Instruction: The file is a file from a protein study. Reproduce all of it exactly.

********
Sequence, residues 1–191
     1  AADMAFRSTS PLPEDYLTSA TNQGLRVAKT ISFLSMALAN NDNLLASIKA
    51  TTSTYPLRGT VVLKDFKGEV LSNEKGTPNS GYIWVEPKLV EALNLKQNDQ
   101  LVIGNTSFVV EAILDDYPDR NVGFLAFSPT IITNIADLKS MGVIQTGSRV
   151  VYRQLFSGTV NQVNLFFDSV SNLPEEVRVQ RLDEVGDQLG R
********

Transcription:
Sequence, residues 1–191
     1  AADMAFRSTS PLPEDYLTSA TNQGLRVAKT ISFLSMALAN NDNLLASIKA
    51  TTSTYPLRGT VVLKDFKGEV LSNEKGTPNS GYIWVEPKLV EALNLKQNDQ
   101  LVIGNTSFVV EAILDDYPDR NVGFLAFSPT IITNIADLKS MGVIQTGSRV
   151  VYRQLFSGTV NQVNLFFDSV SNLPEEVRVQ RLDEVGDQLG R